When I got my first “grown-up” job in New York City a few years ago, I decided to use it as a marker for a fresh start in every aspect of my life. New city, new apartment, new job, new church, new dating. But this “new” dating label was actually code for NO dating; I told God I was done searching for someone until He thought I was ready — not exactly what one expects from a girl fresh out of college and in a city with nine million people. (Trust me, I was more surprised than anyone.)

It wasn’t that at age 23 I felt as though I had learned everything I needed to know about love — quite the opposite, actually. It was my newfound relationship with Jesus that woke me up to the fact that my priorities leading up to that point had been out of whack. Every time I found myself in a new  or “potential” relationship, I had a tendency to focus all of my energy around it. I know a lot of people (both girls and guys) who get caught up in this cycle of putting all of their hopes about their future happiness in another person, thinking that finding “the one” will complete you.

As my relationship with the Lord progressed, He slowly started telling me that it was only HIS love that could complete me, and my husband needed to be someone who would point me back to that love. “Ha! Okay Jesus.” I said. “I mean, I’m totally up for marrying a guy like that, but You will have to be the One to bring Him to me, because frankly, I haven’t met someone who meets that description.”


I decided I wanted to press the “pause” button on dating in order to focus my energy totally on God. I figured it would be years before I felt that God was telling me I was ready to go back out there.

What I didn’t realize was that I had graduated from one twisted perception of marriage only to get trapped in another — the idea I had to be perfect before I was worthy of meeting the man who would be my husband.

God taught me that marriage is not about finding someone once you’re “perfect.” Rather, it’s a life-long commitment to grow with another person, and to encourage each other to become the person God created you to be.

But God had other plans. About a month after I proclaimed my “dating fast” a cute guy named Sam asked for my number at work.  One text soon turned into a stream of continuous communication; we bonded over our mutual sense of humor and the chemistry was undeniable. “GREAT.” I told a couple of my girlfriends. “Of course this amazing guy came along the minute I decided to stop dating.”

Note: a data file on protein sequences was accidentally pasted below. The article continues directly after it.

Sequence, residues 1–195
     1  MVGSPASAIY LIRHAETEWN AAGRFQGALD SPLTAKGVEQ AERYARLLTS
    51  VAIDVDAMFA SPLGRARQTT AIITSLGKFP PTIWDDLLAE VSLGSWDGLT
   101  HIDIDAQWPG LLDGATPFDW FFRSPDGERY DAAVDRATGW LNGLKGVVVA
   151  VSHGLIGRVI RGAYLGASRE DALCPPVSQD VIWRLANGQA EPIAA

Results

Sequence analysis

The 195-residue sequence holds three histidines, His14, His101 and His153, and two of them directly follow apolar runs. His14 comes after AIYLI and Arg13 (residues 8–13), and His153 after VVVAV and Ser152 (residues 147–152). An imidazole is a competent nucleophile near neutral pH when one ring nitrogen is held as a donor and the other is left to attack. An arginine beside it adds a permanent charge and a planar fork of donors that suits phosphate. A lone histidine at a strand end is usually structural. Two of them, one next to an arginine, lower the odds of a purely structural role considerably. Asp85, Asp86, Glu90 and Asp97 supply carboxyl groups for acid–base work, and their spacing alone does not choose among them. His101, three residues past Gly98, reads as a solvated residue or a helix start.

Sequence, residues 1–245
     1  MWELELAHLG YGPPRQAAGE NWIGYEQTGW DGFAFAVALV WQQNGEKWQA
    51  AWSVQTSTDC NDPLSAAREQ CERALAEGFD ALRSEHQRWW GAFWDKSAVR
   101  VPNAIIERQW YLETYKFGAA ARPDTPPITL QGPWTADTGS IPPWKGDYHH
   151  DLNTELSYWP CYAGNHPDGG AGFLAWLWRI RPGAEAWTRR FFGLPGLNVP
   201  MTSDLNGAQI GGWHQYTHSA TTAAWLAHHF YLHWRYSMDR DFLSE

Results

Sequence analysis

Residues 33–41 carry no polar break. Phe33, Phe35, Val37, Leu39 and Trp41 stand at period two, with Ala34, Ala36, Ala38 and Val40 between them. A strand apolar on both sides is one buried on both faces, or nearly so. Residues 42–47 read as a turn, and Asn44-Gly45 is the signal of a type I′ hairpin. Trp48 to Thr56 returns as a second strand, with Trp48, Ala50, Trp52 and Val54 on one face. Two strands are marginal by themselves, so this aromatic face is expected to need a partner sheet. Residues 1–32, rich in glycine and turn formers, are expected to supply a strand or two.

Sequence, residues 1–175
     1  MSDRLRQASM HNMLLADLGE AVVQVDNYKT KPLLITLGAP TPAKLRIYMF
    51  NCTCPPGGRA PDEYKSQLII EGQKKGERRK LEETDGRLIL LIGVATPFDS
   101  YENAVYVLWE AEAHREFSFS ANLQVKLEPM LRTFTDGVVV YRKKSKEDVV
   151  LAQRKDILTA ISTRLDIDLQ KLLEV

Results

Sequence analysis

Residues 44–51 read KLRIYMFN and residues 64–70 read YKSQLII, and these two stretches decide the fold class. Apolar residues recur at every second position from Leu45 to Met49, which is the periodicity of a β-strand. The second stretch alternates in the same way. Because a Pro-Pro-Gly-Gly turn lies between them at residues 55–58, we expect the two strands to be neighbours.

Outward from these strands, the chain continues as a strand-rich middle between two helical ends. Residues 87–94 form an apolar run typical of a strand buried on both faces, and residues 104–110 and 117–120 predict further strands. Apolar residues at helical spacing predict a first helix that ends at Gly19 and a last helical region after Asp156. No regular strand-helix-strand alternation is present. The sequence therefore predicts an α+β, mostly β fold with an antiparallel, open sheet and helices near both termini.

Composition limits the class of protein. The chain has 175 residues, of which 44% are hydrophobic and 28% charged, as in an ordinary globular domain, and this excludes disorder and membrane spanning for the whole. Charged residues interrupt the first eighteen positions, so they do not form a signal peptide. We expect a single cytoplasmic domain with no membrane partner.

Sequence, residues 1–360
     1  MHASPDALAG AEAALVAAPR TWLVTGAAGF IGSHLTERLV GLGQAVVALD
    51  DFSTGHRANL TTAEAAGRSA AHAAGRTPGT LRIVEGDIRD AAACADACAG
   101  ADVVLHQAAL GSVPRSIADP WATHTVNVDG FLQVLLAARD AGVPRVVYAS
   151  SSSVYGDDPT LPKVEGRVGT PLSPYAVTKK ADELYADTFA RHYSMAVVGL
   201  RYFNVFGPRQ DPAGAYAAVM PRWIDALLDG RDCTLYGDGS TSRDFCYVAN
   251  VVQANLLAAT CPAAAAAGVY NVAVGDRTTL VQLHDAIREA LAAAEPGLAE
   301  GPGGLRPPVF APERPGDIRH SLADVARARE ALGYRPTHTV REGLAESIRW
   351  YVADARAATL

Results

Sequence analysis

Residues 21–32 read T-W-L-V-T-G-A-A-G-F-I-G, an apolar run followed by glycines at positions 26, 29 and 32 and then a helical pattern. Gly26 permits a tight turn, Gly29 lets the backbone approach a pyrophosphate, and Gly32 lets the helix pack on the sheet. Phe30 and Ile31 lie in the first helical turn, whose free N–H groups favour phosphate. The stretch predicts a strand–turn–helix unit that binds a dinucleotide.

Although Sam was unbelievably respectful and eager to continue growing in his faith, I worried it was too soon for God to have brought me my person. “There’s NO WAY it could be this easy!” I kept thinking. I was concerned I wasn’t “Christian enough” yet to make a God-centered relationship work. I told Sam that although I knew we had great chemistry and he had done everything perfectly in his pursuit to date me, I just didn’t feel certain that it was the right time to begin a relationship.

The next day my mom called me and asked what was new since we had last spoken. “Well, this really cute, sweet guy was trying to date me but I wasn’t sure if it was God’s plan — so I told him we couldn’t move forward.”

My mom had never been the type to push me toward dating someone--that’s why what she said next shocked me: “Sweetie, I think your heart is in the right place. But sometimes in life you have to let go of control so that God has room to move. And who knows, maybe you’re meant to help Sam along in his journey with the Lord.” And just like that, I had my answer.

In my desperate attempt to make myself more Christ-like, I had failed to understand something crucial about the nature of God. He doesn’t ask us to be perfect. He simply wants us to humble ourselves so that He can transform our lives and bring hope into our circumstances. His ways are higher than our own (Isaiah 55:8-9).


After talking to my mom, I went back to Sam apologetically and told him that if he was still interested, I was ready to start dating. We started going to church and reading Christian books together (something I had never done before), and ten months later, we were engaged.

In this process, God taught me that marriage is not about finding someone once you’re “perfect.” Rather, it’s a life-long commitment to grow with another person, and to encourage each other to become the person God created you to be. When we allow God to guide us, He works everything out in perfect timing.